In Memoriam: Pak Lim Chu
March 15, 2008
In Memorium: Professor Pak Lim Chu
12 November 1940 – 15 March 2008
Pak Chu at UNSW in 2000
The world of photonics has lost a great champion and a pioneer of fibre optics in Australia with the passing of Professor Pak Lim Chu, who died on March 15, 2008, after a year’s battle with cancer. An OSA Fellow since 1992, Pak was a leading international photonics research scientist, a pillar of the Chinese Christian Church, a regular contributor to local Chinese newspapers and a former Chairman of the Society for Chinese-Australian Academics.
Pak’s was born in Guangdong Province during the Japanese occupation of China during World War II. When Pak was a young child, his father moved to the US in order to find work. In 1949, the year the Chinese Communist Government came to power, his mother moved with Pak to Hong Kong. Thereafter attempts by his mother to reunite the family in the US were thwarted by successive US and Canadian Government immigration services. So, in order to continue his education, Pak came instead to Australia in 1959 by himself and began his long career at the University of New South Wales (UNSW).
In 1965 a major milestone occurred that would dramatically affect Pak’s future career when Antoni (Toni) Karbowiak, became Chair in Communications in the Department of Electrical Engineering and formed the first optical fibre research group in Australia. Under Toni’s supervision Pak researched radiation from corners in surface wave transmission lines for his final year undergraduate project and graduated in 1965. There followed the Master of Engineering degree in 1966 and a Ph.D. in 1971. Pak then moved to a lectureship at the University of Technology, Sydney, before returning to Toni’s group two years later. His return to UNSW marked the beginning of his involvement with guided wave photonics for more than 30 years culminating in his Headship of the Optical Communications Group (OCG).
Over the years Pak managed a very productive research group at UNSW, active in both theory and experiment. One of the earliest laboratory developments was a preform lathe and drawing facility for glass fibre fabrication; there followed a simple classical ray tracing method for determining the refractive index profile of a fibre from the fabrication preform. This idea subsequently evolved elsewhere into what is now a standard piece of fibre characterisation equipment found in all fabrication laboratories. Later interests included the non-linear phenomenon of solitons, polymer fibres, fibres doped with rare-earth elements, multi-core fibres, planar waveguides and devices, sensing and particularly the fibre hydrophone, and other diverse fibre applications.
Pak was a traditional academic, fascinated by pure research but with no great interest in the commercial development of these ideas. He supervised numerous doctoral and honours students and also developed the first undergraduate course in Australia in the new optical communications technology.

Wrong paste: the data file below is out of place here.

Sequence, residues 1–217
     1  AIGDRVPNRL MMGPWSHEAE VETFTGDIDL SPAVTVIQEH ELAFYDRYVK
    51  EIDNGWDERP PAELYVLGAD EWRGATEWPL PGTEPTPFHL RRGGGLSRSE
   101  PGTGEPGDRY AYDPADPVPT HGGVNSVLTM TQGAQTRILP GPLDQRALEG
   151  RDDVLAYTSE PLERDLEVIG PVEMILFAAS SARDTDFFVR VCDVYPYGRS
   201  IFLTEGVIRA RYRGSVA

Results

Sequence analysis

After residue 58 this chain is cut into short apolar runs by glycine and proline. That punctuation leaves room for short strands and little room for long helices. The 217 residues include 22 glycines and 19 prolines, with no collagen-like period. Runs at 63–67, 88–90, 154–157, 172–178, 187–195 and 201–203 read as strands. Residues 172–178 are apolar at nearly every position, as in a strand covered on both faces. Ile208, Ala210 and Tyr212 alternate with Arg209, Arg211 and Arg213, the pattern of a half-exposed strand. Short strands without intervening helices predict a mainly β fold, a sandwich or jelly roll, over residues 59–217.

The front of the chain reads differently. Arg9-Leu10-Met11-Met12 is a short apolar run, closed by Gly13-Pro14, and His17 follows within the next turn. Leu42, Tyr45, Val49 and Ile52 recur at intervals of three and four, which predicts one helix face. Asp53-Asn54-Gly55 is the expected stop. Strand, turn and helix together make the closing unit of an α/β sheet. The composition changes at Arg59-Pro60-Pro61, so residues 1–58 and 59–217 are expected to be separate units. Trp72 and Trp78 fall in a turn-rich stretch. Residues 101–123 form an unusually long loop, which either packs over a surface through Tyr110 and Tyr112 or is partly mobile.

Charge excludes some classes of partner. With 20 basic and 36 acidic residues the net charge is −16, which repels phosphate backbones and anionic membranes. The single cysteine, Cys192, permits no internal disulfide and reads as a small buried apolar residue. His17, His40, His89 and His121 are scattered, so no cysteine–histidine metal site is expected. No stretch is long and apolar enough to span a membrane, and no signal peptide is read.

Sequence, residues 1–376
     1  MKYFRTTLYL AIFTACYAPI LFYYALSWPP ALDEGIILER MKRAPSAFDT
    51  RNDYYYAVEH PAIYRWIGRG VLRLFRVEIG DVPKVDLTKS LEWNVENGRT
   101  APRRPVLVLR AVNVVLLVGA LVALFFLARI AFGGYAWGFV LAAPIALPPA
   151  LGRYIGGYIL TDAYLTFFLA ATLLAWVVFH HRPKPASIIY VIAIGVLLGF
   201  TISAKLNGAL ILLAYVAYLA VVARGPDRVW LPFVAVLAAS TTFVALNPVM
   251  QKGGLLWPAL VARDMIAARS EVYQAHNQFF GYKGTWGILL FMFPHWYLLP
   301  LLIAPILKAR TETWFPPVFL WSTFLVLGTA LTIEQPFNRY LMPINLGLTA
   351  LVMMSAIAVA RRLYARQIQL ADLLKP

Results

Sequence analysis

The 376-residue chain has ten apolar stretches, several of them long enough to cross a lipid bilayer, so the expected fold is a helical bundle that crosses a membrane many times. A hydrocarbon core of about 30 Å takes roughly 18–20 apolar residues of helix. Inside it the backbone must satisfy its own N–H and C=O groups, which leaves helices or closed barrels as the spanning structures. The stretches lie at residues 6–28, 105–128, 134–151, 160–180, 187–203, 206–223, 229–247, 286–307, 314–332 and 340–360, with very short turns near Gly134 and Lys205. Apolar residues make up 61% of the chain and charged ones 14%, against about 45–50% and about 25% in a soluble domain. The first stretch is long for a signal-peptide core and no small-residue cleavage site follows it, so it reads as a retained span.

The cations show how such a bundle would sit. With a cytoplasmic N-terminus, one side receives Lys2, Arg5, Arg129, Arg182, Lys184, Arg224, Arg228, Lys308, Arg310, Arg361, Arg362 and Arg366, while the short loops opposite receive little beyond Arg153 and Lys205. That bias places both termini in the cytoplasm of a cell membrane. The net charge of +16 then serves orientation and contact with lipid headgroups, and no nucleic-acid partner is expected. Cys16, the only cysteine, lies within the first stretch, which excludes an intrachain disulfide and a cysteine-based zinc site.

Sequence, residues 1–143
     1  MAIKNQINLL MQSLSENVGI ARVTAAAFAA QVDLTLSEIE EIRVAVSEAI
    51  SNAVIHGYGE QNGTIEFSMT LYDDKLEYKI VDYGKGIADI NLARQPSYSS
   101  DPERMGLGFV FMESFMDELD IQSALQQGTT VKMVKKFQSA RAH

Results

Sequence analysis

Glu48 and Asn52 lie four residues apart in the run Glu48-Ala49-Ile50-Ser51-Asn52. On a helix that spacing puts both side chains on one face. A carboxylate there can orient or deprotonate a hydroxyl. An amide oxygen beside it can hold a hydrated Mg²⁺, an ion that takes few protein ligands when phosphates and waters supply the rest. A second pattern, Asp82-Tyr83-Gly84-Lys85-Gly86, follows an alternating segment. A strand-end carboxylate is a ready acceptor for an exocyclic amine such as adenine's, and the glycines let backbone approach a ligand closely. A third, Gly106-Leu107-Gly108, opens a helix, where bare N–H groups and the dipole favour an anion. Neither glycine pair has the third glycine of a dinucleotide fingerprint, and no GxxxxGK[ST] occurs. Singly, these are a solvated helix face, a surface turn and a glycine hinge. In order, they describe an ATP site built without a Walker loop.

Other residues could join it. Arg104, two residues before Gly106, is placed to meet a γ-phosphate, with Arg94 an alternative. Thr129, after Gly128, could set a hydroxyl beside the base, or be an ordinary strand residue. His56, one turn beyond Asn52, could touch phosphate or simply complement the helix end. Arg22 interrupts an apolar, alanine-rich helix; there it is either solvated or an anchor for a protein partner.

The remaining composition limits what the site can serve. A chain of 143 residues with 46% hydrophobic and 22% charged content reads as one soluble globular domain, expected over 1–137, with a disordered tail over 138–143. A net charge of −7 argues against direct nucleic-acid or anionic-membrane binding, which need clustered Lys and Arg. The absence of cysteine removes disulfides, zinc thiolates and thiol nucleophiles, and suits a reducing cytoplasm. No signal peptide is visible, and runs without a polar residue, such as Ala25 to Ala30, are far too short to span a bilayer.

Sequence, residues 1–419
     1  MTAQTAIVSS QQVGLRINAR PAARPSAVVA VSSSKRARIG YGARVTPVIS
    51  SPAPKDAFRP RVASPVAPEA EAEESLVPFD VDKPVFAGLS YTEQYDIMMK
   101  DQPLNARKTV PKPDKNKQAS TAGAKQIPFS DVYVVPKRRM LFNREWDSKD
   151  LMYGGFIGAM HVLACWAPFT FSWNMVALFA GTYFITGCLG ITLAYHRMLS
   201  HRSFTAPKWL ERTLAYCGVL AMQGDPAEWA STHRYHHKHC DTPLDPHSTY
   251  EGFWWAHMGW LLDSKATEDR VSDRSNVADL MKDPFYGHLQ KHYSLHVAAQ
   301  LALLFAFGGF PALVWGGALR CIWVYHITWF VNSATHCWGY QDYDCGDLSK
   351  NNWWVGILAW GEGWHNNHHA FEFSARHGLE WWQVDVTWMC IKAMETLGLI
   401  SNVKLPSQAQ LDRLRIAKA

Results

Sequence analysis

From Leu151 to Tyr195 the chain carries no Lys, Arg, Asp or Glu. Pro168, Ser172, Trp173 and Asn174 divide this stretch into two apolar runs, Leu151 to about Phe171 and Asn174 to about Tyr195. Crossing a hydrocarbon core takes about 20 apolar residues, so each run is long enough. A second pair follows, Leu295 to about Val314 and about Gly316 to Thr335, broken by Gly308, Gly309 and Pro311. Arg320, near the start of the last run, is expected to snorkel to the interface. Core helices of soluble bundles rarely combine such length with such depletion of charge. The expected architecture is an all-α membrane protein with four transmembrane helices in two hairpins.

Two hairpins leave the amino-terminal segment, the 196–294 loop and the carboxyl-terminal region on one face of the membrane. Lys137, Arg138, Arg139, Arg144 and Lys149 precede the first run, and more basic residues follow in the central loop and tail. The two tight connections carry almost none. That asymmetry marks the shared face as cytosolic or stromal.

Pak raised substantial research funds from contracts and consultancies with various government and industry organizations. One UNSW-based collaborative GIRD grant with Siemens Ltd, ANU and the University of Sydney led to the successful development of a practical twin-core fibre coarse wavelength de-multiplexer. Another success was the plasma-based technology used in planar waveguide fabrication that was developed in his group and led to the formation of the CRC spin-off company Redfern Integrated Optics (RIO).
In 1976 Pak organised the first Workshop on Optical Fibres, held at UNSW, which brought together researchers in fibre optics from academic, government and industrial organizations. The workshops rapidly grew in popularity until their size exhausted the ability of volunteers to organise and manage them. In 1983, Pak invited the (now defunct) Institution of Radio and Electronics Engineers (IREE) to take over management of the event. As a result, the first in the long-running series of Australian Conferences on Optical Fibre Technology (ACOFT) was launched in 1984. In later years Pak also became heavily involved in the international series of conferences on polymer optical fibres and in several Asian photonics conferences.
Pak was a popular speaker and the author of almost 500 conference and journal papers. He was a Fellow of several scientific societies including the Australian Technological Society and the Optical Society of America. In 2001 he was awarded the Centenary Medal of Australia for his contribution to optical communications.
In 2001 Pak retired from UNSW and moved to the City University of Hong Kong in Kowloon where he became Professor and Director of the Optoelectronics Research Centre. Pak remained in this position until reaching the University’s normal retirement age of 65. Then in 2006 he joined a local company, Cotco Holdings, to continue his photonics interests for the rest of his time in Hong Kong.
Pak is survived by his wife Eva, daughter Evelyn, son Desmond and five grandchildren.
This obituary was contributed by Professor John Love, Australian National University